It’s time to start giving Donald Trump some credit.
The billion-dollar baby deftly figured out that the GOP has the immune system of an earthworm. The party’s warring factions, weak leadership and corruption of the campaign finance system have made it ripe for a parasite to infect and capture its host’s brain while it’s still praying for Jeb Bush to stop embarrassing himself.
He’s figured out how to signal to white supremacists that he appreciates their support—without engendering the media shitstorm you’d expect in a functioning democracy.
And he’s figured out how to out-conservative conservatives who have spent their entire adult lives engaged in a sort of drag show where they dress, talk and do the robot like some store-brand Reagan.
Check out this image that Marco Rubio’s campaign has been circulating to make the argument that Trump is unserious, ridiculous and most of all not conservative:
What Rubio’s team doesn’t get is that this word cloud might as well be The Conservative Manifesto. It’s exactly what Republican voters want to hear—I will give you your shit back so fuck the details.
Conservatism was supposed to be a complete ethos with a simple to understand through-line: We shrink government.
Of course, that’s nonsense.
Reagan and George W. Bush grew government—only cutting programs that help the poorest. Nearly all conservatives are in favor of growing the most expensive discretionary part of government and the part of the government that potentially offers the most limitations to our freedom—the military. And their pose of despising government regulations all but disappears when it’s time to legislate uteri, make it harder for black people vote or enable the miseries of factory farming.
Trump has recognized that conservatism is a mindset, a reaction. He may be the most fully realized living example of a conservative as described in Corey Robin’s The Reactionary Mind:
The conservative, to be sure, speaks for a special type of victim: one who has lost something of value, as opposed to the wretched of the earth, whose chief complaint is that they never had anything to lose. His constituency is the contingently dispossessed— William Graham Sumner’s “forgotten man” rather than the preternaturally oppressed. Far from diminishing his appeal, his brand of victimhood endows the conservative complaint with a more universal significance. It connects his disinheritance to an experience we all share—namely loss—and threads that experience into an ideology promising that what is lost can be restored.
People on the Left often fail to realize this, but conservatism really does speak to and for people who have lost something. It may be a landed estate or the privileges of white skin, the unquestioned authority of a husband or the untrammeled rights of a factory owner. The loss may be as money or as ethereal as a sense of standing. It may be of something that was never legitimately owned in the first place; it may, when compared with what the conservative retains, be small. Even so, nothing is ever so cherished as that which we no longer possess.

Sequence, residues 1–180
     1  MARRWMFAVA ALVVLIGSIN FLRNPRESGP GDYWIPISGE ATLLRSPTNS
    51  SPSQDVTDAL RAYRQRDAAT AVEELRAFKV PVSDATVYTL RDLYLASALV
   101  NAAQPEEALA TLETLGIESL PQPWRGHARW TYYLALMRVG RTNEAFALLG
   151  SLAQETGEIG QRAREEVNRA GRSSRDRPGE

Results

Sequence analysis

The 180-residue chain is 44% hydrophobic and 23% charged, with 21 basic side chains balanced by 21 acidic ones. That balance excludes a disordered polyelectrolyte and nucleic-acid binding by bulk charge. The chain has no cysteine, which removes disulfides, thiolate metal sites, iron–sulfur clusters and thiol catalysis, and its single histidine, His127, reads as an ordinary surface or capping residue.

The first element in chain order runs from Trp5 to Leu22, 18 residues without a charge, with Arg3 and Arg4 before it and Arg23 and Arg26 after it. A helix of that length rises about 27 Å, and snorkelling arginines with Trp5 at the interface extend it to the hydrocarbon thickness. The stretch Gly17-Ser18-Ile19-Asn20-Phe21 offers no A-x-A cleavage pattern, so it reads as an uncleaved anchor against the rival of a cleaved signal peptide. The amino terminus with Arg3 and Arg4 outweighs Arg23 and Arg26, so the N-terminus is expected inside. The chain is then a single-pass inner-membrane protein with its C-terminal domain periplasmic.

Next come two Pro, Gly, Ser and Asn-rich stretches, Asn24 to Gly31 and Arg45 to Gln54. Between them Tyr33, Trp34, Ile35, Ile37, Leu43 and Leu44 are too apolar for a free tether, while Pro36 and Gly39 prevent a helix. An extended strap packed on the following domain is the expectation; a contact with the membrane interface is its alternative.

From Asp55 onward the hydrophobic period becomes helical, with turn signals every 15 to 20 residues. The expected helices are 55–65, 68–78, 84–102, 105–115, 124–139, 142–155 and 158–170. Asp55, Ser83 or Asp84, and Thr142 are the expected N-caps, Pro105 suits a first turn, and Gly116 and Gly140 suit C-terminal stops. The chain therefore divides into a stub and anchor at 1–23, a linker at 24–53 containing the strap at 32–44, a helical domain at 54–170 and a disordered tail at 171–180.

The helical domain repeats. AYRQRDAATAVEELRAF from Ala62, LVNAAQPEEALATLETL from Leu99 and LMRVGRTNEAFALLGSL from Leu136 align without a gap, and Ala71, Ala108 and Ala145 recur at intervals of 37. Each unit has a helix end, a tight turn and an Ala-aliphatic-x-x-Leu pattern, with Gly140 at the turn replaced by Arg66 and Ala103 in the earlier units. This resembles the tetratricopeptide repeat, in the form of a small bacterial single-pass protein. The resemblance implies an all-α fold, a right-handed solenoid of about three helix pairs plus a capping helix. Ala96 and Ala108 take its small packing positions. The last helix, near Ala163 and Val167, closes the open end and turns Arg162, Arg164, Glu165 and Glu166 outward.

And even if the loss cannot be made whole, the conservative voter—especially the voter who left the Democratic party over civil rights or to join the Reagan Revolution—wants to know that their candidate is seeking to restore balance by taking things away from or stomping on someone else.
If there is a conservative ethos it’s “We will shrink government for ‘them’ and also grow it on ‘them.’”
The totality of what Trump is proposing is absurd. His $12 trillion giveaway mostly to the rich would bankrupt the government’s ability to keep our commitments to Social Security, Medicare and Medicaid while decimating the economy in numerous other ways, while creating a wall that has no use, except to make some aggrieved voters feel as if they’re inflicting misery.
Trump’s plans are barely more absurd than Marco Rubio’s $8 trillion in giveaways mostly to the rich that the Senator is vowing to pay for by gutting the government and raising the retirement age.
Trump is just smart enough to recognize that you can promise conservatives anything—as long as you’ve vowing to take something away from someone else.
Some want to make the analogy to Bernie Sanders’s proposals, which are similarly expensive yet far more rational. We know Sanders’ proposals work because they work in some of the most advanced democracies on earth — unlike conservative dream policies, which have only created Gilded Ages.
Most importantly, Sanders is aiming to take power from the people who actually control our democracy—the rich and their corporations.
Trump’s villains are occasionally big corporations and hedge fund managers — but only insofar as they take things that could be given to you. Mostly his appeal is about taking power from the powerless—the undocumented, the “politically correct” and foreigners of all stripes
His willingness to call out the real enemies of conservatives without any concerns for decency or grammar makes him the most conservative of all. No ad or crafty campaign is going to stop a candidate who understands conservatism better than conservatives themselves.
[Photo by Gage Skidmore | Flickr]